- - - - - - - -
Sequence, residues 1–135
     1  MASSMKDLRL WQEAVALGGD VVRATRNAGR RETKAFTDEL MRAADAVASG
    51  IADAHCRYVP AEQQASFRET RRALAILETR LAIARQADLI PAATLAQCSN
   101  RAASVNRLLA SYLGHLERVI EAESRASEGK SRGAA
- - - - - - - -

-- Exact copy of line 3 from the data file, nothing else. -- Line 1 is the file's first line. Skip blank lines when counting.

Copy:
    51  IADAHCRYVP AEQQASFRET RRALAILETR LAIARQADLI PAATLAQCSN